Another of those carnivals in Italy that stand out for their originality, with an equestrian tradition that has been handed down for centuries through the characteristic Hussar Ride and the empty race of horses. However, it is best to keep an eye on the program of the Ronciglione Carnival to discover the details to be expected this year. An Italian Carnival rich in history, whose existence is documented back in time to 1870, and which still today offers traditional and meaningful masks every year, ready to parade on floats.

But the part of this Carnival that you will enjoy the most comes at the end, on the last day, when after having chased away the "Carnival King" symbolically sent away in a hot air balloon, the city treats itself to the last party with as much music and as much wine in the evening nicknamed "Il Veglionissimo". The popular style of this party is unmistakable.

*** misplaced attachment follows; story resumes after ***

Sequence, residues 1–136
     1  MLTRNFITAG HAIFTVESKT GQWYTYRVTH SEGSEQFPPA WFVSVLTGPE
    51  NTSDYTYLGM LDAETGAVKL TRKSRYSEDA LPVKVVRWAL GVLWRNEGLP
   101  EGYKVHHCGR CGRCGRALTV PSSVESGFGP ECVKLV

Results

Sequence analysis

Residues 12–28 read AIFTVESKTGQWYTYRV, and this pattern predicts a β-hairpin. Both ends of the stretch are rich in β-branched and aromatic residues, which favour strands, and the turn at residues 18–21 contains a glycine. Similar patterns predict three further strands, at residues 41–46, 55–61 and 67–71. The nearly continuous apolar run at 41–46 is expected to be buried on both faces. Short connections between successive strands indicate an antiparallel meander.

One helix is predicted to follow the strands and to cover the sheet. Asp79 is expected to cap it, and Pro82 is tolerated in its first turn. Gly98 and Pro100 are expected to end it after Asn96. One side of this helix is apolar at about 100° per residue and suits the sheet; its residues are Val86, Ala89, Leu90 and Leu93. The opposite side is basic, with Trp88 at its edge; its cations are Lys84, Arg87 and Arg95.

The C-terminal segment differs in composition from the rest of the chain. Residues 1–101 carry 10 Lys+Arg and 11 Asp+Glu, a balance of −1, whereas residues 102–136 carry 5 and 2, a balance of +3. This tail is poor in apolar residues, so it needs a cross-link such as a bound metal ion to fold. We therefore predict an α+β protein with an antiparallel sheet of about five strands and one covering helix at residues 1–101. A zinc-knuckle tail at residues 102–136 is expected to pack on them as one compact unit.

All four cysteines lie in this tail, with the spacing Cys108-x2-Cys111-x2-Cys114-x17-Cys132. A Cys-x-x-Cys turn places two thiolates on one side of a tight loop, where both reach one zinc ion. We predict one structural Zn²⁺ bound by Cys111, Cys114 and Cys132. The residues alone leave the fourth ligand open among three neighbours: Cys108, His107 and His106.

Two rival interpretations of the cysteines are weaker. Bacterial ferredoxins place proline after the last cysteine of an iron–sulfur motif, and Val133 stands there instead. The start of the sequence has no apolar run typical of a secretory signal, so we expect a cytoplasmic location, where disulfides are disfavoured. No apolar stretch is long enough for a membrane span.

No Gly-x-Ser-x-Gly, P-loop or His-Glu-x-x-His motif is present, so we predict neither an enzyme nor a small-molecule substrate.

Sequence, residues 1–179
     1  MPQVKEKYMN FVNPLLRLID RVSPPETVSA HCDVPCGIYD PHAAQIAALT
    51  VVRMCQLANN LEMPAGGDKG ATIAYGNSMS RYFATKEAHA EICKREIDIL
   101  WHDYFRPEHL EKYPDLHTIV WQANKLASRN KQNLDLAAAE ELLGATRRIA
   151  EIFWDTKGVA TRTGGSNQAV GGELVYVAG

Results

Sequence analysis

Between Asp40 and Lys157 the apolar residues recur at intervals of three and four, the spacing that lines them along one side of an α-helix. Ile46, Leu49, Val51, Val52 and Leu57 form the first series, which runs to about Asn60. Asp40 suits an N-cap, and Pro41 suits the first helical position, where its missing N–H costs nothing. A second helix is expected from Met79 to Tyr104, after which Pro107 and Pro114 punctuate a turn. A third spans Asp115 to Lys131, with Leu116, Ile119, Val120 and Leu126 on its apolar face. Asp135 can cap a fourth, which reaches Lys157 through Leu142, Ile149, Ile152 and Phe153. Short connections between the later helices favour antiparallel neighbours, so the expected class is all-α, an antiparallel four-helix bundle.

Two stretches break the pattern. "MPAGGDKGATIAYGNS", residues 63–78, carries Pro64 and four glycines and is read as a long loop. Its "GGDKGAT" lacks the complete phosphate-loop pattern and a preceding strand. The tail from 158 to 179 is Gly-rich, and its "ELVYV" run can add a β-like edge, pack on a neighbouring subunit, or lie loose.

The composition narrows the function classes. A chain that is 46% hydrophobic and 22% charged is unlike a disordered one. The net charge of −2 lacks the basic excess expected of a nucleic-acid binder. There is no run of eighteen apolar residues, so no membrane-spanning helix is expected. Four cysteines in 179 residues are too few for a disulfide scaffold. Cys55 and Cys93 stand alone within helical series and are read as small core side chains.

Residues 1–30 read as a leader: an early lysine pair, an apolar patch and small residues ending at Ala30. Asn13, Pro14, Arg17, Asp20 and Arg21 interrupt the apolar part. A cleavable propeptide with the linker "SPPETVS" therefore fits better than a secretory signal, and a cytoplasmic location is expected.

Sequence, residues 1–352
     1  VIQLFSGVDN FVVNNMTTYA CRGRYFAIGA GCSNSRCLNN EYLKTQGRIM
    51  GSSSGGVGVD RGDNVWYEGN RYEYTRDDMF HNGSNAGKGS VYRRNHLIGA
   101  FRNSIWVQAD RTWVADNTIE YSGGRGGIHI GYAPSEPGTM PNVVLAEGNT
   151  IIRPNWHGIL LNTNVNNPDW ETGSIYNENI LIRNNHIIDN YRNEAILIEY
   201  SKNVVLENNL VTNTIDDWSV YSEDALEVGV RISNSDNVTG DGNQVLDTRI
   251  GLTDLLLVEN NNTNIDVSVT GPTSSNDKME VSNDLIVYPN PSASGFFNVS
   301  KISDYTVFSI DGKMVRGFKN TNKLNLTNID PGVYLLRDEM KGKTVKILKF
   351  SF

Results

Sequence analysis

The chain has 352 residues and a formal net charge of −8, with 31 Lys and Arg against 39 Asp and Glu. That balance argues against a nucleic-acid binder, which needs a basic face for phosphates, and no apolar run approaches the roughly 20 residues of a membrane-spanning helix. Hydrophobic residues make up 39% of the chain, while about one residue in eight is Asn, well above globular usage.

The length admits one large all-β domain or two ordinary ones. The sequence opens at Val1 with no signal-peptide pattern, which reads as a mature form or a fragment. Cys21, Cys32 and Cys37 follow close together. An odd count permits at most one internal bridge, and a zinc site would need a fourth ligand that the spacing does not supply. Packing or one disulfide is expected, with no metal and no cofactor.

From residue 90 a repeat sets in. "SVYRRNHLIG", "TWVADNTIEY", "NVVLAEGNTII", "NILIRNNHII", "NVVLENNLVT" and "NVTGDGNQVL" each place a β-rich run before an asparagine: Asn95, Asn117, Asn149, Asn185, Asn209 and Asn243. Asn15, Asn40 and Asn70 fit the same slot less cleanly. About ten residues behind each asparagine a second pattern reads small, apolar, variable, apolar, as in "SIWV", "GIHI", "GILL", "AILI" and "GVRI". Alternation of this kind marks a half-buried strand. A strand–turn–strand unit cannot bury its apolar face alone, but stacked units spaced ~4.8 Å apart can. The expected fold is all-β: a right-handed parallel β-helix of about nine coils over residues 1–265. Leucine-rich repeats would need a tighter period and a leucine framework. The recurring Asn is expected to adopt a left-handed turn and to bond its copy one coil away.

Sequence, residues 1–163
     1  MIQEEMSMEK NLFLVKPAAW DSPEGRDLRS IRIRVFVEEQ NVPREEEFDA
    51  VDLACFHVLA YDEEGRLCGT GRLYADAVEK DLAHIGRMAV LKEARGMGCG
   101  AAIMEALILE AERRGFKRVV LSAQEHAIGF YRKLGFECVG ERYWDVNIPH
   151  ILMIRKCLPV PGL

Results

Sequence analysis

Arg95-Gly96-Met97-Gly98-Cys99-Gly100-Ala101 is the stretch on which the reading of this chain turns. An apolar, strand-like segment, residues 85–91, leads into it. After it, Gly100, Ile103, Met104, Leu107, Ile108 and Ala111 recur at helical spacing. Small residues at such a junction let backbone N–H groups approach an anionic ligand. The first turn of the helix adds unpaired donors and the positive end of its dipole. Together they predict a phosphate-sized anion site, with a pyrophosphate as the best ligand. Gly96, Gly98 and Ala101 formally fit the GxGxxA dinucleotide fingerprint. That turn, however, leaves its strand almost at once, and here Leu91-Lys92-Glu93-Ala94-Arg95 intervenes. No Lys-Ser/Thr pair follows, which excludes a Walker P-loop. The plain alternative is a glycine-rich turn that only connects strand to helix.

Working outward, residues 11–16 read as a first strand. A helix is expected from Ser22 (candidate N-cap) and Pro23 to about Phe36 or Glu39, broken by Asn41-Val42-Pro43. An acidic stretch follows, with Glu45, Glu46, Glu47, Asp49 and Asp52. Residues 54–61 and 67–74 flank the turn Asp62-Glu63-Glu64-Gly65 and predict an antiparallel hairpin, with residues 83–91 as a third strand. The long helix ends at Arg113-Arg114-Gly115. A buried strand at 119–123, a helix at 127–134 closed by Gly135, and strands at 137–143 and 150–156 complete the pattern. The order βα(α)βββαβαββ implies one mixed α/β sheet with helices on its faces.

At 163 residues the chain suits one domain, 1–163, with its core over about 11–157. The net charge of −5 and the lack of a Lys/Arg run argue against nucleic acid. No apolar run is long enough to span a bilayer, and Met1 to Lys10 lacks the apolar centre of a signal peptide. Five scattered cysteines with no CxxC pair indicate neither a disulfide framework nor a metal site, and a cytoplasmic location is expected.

Carnival gastronomic specialty: Castagnole with custard.

Ivrea (Piedmont)

Located along the Serra Morenica, which with its 25 km is the longest, most massive and straightest hill in Europe, we find Ivrea, with its traditional carnival dating back to 1808. The peculiarity of this Carnival is that it boasts an uninterrupted tradition, a direct link from 1808 to the present day thanks to the authentic and punctual annual festivities never missed before!

The Historic Carnival of Ivrea requires all participants to wear a mandatory garment: a red cap. A great classic of the festival is the battle of the oranges, a war in which the weapons are the oranges and the teams of "aranceri" who parade on floats along the main streets and squares of the cities fight against the “aranceri” that parade instead on foot. And if you were wondering why the obligatory red cap, here is the mystery: it is used to stand out from the orange trees and not be targeted during the battle.

Carnival gastronomic specialty: Friciò.